Sep 302006
 

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There are times for system administrators they might have forgot their debian machine root password and they want to reset this password.We will see the available options.

There are various methods available for resetting a root password.

Boot debian linux into single-user mode
Boot using a boot disk (like knoppix,gnoppix) and edit the password file
Mount the drive on another computer and edit the password file

It is possible to boot a system and log on to the root account without knowing the root password as long as one has access to the console keyboard.

This is a procedure which requires no external boot disks and no change in BIOS boot settings. Here, "Linux" is the label for booting the Linux kernel in the default Debian install.

Solution 1

At the lilo boot screen, as soon as boot: appears (you must press a shift key at this point on some systems to prevent automatic booting and when lilo uses the framebuffer you have to press TAB to see the options you type), enter:

boot: Linux init=/bin/sh

This causes the system to boot the kernel and run /bin/sh instead of its standard init. Now you have gained root privileges and a root shell. Since / is currently mounted read-only and many disk partitions have not been mounted yet, you must do the following to have a reasonably functioning system.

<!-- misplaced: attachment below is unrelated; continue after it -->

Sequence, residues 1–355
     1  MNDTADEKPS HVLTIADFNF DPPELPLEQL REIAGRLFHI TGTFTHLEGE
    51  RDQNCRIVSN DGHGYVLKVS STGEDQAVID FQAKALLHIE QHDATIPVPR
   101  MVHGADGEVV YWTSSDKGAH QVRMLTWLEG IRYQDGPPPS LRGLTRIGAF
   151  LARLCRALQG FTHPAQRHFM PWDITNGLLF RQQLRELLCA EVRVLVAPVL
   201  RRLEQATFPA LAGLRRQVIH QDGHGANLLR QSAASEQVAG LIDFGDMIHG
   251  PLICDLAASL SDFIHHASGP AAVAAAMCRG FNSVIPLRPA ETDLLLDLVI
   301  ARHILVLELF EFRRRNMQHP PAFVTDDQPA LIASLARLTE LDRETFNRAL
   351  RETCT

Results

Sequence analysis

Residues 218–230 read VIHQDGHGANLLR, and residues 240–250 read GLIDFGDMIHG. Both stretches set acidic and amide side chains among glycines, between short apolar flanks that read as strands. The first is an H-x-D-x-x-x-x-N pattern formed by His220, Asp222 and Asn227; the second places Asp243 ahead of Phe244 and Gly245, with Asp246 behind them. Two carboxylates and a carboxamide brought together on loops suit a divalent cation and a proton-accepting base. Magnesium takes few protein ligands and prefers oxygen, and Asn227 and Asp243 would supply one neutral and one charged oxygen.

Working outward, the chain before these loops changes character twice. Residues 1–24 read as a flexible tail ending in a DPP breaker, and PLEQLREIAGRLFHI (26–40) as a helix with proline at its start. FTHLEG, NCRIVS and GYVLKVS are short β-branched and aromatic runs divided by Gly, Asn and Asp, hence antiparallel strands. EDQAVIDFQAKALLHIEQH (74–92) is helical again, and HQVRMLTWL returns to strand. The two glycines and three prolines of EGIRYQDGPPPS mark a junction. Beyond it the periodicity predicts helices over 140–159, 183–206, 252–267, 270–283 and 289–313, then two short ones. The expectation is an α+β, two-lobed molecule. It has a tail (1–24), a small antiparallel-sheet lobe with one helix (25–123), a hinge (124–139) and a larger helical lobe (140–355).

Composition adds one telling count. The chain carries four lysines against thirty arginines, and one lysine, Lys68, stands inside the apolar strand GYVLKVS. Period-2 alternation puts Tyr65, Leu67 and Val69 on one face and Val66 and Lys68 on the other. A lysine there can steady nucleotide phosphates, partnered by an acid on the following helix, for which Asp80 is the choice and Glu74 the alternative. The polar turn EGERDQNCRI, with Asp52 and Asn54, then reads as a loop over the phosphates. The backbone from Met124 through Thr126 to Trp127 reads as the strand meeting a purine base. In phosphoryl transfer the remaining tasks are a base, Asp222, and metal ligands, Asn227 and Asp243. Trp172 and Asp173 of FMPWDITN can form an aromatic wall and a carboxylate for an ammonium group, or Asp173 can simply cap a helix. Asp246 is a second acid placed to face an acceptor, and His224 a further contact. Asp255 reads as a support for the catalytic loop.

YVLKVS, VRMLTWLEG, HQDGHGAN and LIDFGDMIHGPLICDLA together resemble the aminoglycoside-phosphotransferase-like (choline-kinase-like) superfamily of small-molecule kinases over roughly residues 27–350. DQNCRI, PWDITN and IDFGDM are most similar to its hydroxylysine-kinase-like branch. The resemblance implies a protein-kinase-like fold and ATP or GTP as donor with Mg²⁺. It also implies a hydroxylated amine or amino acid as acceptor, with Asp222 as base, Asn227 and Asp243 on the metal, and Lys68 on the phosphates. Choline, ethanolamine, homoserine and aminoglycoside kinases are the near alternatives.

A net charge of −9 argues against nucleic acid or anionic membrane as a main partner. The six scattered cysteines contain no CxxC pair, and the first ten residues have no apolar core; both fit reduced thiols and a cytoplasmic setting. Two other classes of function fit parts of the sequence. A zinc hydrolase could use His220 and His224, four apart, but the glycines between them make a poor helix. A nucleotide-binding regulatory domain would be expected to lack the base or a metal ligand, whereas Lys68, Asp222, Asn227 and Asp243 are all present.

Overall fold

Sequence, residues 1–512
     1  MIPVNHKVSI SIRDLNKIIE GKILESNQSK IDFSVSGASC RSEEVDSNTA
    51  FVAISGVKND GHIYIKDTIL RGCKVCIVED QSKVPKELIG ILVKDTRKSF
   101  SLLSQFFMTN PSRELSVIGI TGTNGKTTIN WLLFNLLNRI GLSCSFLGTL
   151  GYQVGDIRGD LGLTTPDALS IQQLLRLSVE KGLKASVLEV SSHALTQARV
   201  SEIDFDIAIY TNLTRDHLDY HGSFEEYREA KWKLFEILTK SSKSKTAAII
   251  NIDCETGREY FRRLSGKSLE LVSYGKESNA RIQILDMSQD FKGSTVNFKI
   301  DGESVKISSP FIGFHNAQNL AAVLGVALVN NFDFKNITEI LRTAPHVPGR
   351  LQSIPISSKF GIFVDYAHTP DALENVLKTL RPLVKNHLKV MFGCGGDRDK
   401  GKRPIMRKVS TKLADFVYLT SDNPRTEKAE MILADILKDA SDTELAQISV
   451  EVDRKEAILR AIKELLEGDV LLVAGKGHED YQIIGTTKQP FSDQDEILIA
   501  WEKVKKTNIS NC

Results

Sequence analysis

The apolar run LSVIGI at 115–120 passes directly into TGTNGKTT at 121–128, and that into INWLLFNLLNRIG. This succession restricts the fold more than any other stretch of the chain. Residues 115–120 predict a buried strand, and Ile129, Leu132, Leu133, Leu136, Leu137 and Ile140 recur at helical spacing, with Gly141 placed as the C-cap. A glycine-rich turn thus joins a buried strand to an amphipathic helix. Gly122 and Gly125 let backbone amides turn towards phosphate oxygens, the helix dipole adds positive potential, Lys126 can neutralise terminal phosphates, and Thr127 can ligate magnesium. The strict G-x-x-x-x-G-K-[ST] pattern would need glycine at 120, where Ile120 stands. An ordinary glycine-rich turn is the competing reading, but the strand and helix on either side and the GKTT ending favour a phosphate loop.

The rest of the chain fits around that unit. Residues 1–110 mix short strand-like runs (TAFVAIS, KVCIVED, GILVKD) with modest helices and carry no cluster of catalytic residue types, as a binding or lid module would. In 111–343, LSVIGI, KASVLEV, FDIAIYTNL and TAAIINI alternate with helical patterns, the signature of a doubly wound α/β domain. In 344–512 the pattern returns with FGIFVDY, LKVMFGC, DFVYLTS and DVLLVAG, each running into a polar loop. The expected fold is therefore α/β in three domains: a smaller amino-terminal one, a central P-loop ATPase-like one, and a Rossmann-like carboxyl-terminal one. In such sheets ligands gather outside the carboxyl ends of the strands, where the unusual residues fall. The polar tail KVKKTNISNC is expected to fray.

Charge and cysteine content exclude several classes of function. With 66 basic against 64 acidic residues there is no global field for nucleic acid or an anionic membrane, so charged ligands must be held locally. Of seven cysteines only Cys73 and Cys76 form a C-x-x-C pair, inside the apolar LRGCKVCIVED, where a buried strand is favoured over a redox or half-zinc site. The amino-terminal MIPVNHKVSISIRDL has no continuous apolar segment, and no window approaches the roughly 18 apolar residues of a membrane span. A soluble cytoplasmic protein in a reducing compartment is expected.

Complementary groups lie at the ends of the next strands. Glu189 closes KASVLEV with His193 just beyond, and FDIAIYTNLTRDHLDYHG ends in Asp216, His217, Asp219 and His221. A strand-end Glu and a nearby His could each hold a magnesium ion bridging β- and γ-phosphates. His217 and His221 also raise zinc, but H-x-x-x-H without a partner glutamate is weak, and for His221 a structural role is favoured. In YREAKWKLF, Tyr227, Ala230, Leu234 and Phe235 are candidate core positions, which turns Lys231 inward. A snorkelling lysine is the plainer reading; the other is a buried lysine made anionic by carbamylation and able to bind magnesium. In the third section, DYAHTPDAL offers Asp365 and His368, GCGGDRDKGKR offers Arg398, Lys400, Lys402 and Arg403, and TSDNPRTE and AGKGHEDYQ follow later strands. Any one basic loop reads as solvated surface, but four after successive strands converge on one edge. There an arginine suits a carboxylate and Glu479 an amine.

# mount -n -o remount,rw /

# mount -avt nonfs,noproc,nosmbfs

# cd /etc

# vi passwd

# vi shadow

(If the second data field in /etc/passwd is "x" for every username, your system uses shadow passwords, and you must edit /etc/shadow.) To disable the root password, edit the second data field in the password file so that it is empty. Now the system can be rebooted and you can log on as root without a password. When booting into runlevel 1, Debian (at least after Potato) requires a password, which some older distributions did not.

It is a good idea to have a minimal editor in /bin/ in case /usr/ is not accessible.Also consider installing the sash package. When the system becomes unbootable, execute

boot: Linux init=/bin/sash

sash serves as an interactive substitute for sh even when /bin/sh is unusable. It's statically linked, and includes many standard utilities as built-ins.

Solution 2

Boot from any emergency boot/root disk set. If /dev/hda3 is the original root partition, the following will let one edit the password file just as easily as the above.

# mkdir recovery

# mount /dev/hda3 recovery

# cd recovery/etc

# vi shadow

# vi passwd

Scroll down to the line containing the root user's information, which looks something like

root:weeWRSF!sfDFs:12581:0:99999:7:::

Delete everything between the first and second colons, so that the line looks like

root::12581:0:99999:7:::

Save the file and exit your editor.Type cd to return to your home directory.